Wah-ila-toos: Clean Energy Initiatives in Indigenous, rural and remote communities
Please note: Due to high demand, the Clean Energy for Rural and Remote Communities program under Wah-ila-toos is no longer accepting applications for:
- Clean Energy for Rural and Remote Communities Capacity Building projects
- Clean Energy for Rural and Remote Communities – Deployment of renewable energy projects
Note that capacity building and deployment projects in the North are eligible under Northern REACHE.
Eligible projects submitted to these funding streams before September 15, 2023, have been added to a waitlist and will be considered for funding should funds be made available. Our Pathfinding support may also assist with finding alternative funding options.
Wah-ila-toos is still accepting applications under:
- Clean Energy for Rural and Remote Communities – Biomass heating, district heating, and combined heat and power systems
- Clean Energy for Rural and Remote Communities – Research, Development, and Demonstration projects
- Northern Responsible Energy Approach for Community Heat and Energy program (Northern REACHE).
If you are unsure which stream your application fits within, please submit a contact form and we will be in touch to discuss. Please continue to visit this website for further updates.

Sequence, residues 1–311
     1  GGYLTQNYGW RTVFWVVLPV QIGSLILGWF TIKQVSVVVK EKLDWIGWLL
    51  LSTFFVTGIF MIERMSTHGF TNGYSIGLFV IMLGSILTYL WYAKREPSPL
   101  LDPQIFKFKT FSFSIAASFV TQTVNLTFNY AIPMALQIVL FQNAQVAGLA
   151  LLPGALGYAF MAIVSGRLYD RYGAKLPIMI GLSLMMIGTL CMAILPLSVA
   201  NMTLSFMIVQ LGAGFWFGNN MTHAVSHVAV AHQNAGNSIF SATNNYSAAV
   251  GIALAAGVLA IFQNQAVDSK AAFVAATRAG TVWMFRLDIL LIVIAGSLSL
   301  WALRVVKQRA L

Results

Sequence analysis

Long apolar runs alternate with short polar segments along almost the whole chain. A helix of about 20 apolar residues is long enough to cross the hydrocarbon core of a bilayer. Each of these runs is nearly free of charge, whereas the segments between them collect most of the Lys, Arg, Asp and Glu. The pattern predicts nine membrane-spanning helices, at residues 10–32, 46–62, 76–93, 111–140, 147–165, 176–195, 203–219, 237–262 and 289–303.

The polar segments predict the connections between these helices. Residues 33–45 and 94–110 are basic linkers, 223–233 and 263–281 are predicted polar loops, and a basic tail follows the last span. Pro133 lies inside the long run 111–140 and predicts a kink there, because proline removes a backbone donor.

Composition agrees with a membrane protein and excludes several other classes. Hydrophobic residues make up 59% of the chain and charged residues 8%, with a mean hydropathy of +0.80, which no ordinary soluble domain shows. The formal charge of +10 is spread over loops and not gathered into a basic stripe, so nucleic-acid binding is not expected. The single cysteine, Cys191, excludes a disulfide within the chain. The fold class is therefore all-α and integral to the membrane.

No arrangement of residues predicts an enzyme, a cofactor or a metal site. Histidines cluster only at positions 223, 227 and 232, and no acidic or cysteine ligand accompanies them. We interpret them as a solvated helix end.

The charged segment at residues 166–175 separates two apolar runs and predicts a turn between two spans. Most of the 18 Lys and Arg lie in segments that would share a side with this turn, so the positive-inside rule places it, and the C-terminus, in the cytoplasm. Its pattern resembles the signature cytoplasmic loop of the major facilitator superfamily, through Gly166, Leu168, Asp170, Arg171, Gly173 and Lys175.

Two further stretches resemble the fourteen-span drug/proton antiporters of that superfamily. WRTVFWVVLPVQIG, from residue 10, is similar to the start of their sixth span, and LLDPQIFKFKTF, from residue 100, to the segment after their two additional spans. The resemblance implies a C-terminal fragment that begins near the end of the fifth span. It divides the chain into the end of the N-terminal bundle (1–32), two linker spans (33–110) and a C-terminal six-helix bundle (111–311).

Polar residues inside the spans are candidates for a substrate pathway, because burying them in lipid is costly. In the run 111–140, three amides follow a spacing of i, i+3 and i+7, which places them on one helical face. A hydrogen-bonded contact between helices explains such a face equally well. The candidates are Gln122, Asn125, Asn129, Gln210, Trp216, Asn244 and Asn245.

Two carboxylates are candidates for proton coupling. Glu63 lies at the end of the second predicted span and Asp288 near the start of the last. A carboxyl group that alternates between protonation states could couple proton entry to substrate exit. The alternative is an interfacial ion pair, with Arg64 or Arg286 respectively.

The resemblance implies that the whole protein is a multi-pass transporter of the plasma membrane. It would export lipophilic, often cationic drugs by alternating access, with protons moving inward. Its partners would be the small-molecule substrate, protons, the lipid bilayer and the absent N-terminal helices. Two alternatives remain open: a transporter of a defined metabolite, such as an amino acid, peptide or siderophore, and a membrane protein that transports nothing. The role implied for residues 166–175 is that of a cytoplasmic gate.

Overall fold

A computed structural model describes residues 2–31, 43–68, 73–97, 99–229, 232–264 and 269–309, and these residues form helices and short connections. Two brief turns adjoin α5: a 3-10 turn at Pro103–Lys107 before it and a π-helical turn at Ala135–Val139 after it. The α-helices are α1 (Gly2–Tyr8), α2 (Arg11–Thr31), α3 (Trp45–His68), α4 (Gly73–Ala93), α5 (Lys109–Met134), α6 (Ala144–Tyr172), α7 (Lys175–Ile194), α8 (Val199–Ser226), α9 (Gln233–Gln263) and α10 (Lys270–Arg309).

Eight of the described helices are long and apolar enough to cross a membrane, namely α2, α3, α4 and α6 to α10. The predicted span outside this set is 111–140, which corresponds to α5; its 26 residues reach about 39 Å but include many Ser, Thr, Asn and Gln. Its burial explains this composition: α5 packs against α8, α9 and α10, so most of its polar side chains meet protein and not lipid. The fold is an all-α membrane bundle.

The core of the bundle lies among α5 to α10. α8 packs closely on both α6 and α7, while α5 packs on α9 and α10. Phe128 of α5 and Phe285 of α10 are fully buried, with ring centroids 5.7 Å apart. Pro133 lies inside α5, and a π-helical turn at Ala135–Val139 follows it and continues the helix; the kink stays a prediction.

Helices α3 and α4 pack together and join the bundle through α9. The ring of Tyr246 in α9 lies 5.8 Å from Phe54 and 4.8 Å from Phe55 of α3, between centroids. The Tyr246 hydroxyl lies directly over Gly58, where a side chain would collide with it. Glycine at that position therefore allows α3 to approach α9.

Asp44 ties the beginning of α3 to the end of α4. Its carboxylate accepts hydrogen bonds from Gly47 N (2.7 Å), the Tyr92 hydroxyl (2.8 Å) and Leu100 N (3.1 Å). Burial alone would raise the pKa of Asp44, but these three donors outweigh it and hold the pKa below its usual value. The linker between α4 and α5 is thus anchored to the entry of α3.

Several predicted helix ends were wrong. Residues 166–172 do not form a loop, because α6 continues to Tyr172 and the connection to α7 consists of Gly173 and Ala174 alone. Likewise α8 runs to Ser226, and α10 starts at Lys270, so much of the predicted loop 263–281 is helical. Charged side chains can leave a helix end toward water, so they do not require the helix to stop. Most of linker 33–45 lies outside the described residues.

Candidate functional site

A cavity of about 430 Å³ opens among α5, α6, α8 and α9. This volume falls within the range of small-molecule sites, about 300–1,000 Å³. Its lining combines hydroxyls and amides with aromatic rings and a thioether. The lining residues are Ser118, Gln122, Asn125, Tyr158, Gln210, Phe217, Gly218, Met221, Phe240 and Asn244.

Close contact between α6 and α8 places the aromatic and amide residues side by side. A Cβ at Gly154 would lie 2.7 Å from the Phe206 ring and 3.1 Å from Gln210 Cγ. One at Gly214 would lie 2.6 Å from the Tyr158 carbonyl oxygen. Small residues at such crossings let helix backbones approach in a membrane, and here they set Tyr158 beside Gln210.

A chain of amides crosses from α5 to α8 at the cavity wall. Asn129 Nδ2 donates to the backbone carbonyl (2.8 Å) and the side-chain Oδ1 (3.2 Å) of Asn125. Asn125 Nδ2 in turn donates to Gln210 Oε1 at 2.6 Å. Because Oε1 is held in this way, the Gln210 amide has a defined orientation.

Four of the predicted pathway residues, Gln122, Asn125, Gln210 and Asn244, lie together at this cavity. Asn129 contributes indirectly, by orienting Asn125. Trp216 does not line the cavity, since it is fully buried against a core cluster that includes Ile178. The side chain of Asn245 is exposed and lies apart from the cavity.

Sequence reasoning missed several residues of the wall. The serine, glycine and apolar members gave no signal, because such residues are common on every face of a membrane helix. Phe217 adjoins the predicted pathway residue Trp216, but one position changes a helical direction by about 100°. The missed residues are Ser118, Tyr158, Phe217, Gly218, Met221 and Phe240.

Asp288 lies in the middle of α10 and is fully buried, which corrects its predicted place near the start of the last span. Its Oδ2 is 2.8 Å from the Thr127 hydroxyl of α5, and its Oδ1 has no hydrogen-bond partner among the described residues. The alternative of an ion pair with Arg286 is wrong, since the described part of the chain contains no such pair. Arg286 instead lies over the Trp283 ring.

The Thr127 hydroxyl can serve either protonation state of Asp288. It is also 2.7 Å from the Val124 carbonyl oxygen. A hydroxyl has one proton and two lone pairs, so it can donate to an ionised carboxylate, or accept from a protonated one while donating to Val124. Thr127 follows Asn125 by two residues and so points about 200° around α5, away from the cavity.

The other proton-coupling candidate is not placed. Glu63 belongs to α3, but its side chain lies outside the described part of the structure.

To support the transition to clean energy in Indigenous communities, our initiative’s goal is to provide funding for clean energy projects to reduce the use of diesel for heat and/or power in Indigenous, rural and remote communities.
Learn about the programs, eligibility and how to apply.
Learn about what the Indigenous council does and who they are.
What is Wah-ila-toos?
Wah-ila-toos’ mission is to provide funding for renewable energy and capacity-building projects and related energy efficiency measures in Indigenous, rural and remote communities across Canada.
Diesel is a well-known and reliable energy source in Indigenous, rural and remote communities. However, it can also have negative impacts on communities and the environment. The transition to clean energy continues to be important to many Indigenous communities and the Government of Canada as we work together towards reconciliation.
We strive to be more cohesive under this single window initiative, with a no-wrong-door approach, to improve access for Indigenous, rural and remote communities to access Government of Canada funding and resources for clean energy initiatives.
We are honoured to have been gifted the sacred name Wah-ila-toos, by Indigenous Grandmothers and Elders, during a ceremony held on Treaty 6 Territory at the Northern Forestry Centre in Edmonton, on February 6, 2023.
Wah-ila-toos serves as a reminder that we are all related, that we are all in a relationship with everything and everyone, and that we are all kin. The name bestows the responsibility to be in good relations with all living and non-living kin. It represents the meaningful relationships that we strive to establish with our Indigenous partners.